I'm not sure what purpose combing through minutiae looking for potential flaws serves, so unless Andy has an additional question directed to me, I'll happily move along. ;o)

Al


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RE: Can Plants Absorb Water Through Their Leaves?

"I have seen detached Agave leaves go months with little wilt... still there is some cuticular transpiration... but not the route in general prefered for aquiring water"

Agave are CAM plants so stomatal opening and closing to prevent water loss is highly regulated. I vaguly remember a study of Opuntia wher the pads were hung out in the desert and lived for something like 7 years. The pads weren't taking up water but because they were CAM plants they were far better at managing the existing water in their tissue.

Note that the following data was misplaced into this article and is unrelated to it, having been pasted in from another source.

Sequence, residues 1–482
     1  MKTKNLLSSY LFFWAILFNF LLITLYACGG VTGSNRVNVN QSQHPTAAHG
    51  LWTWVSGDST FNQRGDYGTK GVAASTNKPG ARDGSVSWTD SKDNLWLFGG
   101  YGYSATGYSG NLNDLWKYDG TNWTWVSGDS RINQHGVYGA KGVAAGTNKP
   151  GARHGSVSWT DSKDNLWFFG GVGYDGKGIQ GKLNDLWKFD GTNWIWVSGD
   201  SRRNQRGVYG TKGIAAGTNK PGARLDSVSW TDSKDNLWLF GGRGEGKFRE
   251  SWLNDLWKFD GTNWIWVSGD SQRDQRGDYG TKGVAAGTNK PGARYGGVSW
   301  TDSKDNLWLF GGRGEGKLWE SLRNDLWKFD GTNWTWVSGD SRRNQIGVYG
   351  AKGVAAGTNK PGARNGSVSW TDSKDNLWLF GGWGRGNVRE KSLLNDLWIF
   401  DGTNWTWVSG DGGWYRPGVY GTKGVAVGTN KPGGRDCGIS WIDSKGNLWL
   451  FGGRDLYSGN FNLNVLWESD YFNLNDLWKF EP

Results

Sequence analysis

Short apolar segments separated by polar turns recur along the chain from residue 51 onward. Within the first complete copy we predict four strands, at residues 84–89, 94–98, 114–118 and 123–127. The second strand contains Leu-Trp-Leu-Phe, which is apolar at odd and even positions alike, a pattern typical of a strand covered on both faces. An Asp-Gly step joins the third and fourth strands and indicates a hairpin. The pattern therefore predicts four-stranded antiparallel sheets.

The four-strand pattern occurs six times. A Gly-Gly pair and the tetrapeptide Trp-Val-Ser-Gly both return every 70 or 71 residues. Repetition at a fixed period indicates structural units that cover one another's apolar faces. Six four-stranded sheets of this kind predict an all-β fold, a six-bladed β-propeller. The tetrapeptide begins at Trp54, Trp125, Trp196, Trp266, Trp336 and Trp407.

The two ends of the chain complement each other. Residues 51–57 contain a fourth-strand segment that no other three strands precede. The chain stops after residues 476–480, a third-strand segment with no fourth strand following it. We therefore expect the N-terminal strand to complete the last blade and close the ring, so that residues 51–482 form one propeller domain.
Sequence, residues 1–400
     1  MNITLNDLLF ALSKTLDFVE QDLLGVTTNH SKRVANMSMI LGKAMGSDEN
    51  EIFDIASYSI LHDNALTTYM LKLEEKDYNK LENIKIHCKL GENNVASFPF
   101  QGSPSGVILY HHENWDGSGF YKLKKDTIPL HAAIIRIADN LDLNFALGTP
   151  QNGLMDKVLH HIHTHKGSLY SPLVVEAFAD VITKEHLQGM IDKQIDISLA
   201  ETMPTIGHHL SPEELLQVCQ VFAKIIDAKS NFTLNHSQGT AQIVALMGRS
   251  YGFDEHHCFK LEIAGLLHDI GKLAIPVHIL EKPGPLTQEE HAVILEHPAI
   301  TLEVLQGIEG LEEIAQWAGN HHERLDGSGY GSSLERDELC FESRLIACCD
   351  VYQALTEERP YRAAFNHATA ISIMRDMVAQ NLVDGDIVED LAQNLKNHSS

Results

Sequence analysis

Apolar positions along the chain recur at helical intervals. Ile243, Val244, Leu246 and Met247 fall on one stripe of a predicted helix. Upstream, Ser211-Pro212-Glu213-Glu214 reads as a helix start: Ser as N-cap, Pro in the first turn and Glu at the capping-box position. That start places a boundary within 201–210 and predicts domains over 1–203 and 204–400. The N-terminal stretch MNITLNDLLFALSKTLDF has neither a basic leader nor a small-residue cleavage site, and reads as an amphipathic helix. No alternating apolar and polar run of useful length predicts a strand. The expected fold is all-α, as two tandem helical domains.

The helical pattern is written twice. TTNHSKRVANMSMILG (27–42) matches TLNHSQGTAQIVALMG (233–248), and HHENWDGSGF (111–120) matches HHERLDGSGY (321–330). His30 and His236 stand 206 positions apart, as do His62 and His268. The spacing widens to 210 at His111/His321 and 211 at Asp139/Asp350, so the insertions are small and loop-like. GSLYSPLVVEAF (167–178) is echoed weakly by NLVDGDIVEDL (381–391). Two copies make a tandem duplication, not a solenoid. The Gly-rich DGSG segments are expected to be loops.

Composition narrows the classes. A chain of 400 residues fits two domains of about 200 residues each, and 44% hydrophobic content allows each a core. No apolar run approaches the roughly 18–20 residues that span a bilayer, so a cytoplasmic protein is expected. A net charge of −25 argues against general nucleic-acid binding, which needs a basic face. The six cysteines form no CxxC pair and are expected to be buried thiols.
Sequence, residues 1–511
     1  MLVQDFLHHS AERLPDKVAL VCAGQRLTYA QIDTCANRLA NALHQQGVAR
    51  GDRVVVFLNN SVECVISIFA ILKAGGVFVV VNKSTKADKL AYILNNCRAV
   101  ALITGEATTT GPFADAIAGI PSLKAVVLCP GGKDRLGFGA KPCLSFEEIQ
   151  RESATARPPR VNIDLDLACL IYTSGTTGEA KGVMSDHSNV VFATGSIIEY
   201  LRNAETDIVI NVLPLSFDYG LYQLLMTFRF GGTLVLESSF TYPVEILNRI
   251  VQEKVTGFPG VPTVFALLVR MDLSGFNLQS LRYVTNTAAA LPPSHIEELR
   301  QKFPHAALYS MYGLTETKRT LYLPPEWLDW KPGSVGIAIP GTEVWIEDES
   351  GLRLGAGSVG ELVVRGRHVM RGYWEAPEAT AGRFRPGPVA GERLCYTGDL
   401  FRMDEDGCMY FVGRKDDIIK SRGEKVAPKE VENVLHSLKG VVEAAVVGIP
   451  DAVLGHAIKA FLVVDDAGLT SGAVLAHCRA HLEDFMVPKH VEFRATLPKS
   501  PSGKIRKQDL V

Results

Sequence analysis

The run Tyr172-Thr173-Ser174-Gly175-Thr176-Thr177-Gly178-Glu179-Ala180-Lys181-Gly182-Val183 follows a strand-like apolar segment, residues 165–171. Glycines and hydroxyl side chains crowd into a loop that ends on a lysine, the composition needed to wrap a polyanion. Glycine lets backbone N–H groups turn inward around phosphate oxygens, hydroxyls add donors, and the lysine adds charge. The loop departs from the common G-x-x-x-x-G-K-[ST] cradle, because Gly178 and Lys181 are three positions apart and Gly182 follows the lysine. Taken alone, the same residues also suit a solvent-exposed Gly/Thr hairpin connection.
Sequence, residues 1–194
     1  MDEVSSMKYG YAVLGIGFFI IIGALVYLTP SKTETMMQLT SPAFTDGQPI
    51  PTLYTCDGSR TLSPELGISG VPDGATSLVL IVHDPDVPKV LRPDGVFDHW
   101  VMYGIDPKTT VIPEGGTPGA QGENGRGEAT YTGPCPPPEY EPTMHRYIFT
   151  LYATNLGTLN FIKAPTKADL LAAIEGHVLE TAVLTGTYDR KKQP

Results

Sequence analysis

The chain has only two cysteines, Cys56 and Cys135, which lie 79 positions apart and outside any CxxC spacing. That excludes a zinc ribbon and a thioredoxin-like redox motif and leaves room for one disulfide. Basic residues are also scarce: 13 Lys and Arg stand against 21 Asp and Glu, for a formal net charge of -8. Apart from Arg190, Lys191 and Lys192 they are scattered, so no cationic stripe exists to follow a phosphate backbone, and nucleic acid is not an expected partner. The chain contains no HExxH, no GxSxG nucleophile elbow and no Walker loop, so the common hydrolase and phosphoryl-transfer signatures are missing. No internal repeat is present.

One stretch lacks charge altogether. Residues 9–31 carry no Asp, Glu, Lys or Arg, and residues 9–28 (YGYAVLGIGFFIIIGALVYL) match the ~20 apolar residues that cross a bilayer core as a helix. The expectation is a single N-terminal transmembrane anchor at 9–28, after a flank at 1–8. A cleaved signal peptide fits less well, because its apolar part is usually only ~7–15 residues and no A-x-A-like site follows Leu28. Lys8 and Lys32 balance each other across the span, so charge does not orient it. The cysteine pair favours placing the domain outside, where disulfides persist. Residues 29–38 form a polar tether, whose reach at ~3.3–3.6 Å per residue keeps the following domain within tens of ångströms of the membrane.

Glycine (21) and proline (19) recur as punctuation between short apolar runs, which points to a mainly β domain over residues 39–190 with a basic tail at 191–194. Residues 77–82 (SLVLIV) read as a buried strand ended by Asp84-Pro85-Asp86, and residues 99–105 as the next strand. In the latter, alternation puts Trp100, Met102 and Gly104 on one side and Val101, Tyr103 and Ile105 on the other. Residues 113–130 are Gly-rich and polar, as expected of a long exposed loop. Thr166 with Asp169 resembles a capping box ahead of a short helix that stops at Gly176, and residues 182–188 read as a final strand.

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RE: Can Plants Absorb Water Through Their Leaves?

Hello Happy Hoe ...

I don't think CAM is playing a role here but the thick cuticle that some plants with CAM photosynthesis often have like Cactii and Agave ...

CAM plants open stomata at night which in a whole plant is a water saving scheme. The cut off leaf was inside and not exposed to sun.

Good Day ..


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RE: Can Plants Absorb Water Through Their Leaves?

I wouldn't rule it out. Cam plant will open stomata in the day if water is plentiful and keep stomata closed at night when severly drought stressed. Also, suberization of the wound would decrease water loss that you would witness other plant material.


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RE: Can Plants Absorb Water Through Their Leaves?